Life Reimagined is an idea from AARP born out of the experience of their members. Thanks to increases in healthy longevity, many Americans are experiencing (or anticipating) a new life stage. Many people in their 50s and 60s are emptying the nest and wrapping up their career, but they aren’t interested in the retirement model that suited their parents. With added years of vitality, they want to continue to learn, grow, contribute to their community and pursue the goals and dreams they haven’t had a chance to before. Life Reimagined is their effort to equip people with tools and resources to navigate those waters. Through the website, lifereimagined.org, and new book, Life Reimagined: Discovering Your New Life Possibilities by Richard J. Leider and Alan M. Webber, you can reconnect with your sense of purpose and engage in a process to help you figure out how to get where you always wanted to go.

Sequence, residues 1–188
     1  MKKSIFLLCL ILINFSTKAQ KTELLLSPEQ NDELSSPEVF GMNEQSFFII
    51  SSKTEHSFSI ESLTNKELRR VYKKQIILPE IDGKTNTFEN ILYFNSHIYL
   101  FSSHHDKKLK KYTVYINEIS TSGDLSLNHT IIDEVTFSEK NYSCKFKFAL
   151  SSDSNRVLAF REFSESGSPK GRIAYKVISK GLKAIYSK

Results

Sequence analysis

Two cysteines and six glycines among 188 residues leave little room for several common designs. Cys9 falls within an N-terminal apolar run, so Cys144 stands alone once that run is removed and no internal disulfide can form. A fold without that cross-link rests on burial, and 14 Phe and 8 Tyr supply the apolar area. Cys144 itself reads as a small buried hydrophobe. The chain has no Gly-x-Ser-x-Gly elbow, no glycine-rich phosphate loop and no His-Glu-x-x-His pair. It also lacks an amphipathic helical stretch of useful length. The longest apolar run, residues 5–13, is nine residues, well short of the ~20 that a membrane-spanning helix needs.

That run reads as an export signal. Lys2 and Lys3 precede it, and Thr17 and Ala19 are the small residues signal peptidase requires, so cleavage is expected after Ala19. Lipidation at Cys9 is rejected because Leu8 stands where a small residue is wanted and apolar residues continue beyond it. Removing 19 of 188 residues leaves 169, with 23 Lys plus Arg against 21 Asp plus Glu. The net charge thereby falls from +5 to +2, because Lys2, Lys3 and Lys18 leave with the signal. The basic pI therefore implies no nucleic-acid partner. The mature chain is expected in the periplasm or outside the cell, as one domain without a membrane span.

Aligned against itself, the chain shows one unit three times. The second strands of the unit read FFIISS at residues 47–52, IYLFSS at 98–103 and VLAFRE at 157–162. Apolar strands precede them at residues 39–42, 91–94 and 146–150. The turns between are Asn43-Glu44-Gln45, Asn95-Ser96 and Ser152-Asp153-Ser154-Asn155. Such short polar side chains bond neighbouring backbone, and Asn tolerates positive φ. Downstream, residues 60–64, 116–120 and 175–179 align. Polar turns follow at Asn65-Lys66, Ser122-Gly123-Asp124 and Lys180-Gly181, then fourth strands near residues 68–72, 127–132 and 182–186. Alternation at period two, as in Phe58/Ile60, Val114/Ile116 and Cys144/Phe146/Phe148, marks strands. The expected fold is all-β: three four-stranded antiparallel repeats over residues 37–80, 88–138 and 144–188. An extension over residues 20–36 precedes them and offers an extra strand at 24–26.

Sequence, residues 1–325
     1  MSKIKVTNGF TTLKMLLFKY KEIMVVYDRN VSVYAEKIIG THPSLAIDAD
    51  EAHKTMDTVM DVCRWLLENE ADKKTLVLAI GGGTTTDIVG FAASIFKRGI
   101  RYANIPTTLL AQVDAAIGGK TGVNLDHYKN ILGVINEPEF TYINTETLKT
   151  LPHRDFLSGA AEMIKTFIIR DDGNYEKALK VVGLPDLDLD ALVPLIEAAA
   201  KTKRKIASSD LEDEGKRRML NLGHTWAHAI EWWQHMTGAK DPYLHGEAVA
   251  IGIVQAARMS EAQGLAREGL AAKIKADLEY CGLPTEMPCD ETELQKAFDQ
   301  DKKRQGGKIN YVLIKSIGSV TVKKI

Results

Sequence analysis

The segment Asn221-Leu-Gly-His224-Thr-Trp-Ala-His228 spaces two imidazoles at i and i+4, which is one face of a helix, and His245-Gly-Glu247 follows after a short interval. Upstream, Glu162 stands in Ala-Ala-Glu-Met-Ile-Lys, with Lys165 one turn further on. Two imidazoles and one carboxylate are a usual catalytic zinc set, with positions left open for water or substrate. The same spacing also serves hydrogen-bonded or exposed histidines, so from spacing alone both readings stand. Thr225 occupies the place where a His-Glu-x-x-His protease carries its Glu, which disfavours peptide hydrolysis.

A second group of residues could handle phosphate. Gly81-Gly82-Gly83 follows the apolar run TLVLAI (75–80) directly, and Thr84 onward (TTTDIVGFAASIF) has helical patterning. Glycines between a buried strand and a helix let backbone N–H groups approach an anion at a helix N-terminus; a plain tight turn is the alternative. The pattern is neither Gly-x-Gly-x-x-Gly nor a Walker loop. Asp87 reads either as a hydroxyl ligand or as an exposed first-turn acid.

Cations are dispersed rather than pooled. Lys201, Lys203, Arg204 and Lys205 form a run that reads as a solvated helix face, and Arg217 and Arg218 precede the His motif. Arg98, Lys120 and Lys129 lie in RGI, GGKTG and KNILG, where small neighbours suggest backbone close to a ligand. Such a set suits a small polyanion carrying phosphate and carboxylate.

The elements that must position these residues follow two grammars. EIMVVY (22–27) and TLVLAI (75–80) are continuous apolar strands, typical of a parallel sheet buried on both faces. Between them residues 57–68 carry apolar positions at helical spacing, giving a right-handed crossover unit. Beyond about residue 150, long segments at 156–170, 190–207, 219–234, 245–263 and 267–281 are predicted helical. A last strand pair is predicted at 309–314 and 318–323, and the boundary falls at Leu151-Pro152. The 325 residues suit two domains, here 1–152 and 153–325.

ST. PETE ROCKS
St. Pete Rocks started as a little idea: two interna-tional experts in “community” (Rich Luker and Peter Kageyama) live in St. Petersburg, and as best Jeff could tell, nobody had asked them to talk about why they chose to live here. On October 8, AARP Florida and the St. Petersburg Downtown Partnership got them together with some community-minded leaders to hear what they had to say, and called the event St. Pete Rocks. One of the metaphors used in the discussion that night was that our community was filled with “unpolished gems” (treasured people, institutions, programs and events that few people knew about) as well as “unpolished rocks” (things that carry both assets and liabilities which they can build with). They also talked about an essential dynamic in community leaders – being visionary and being a connector. The general takeaway was that there is value in expanding the discussion to include other voices, finding ways to “polish” those gems and rocks, and connect them to each other, and identifying and developing local visionaries and connectors.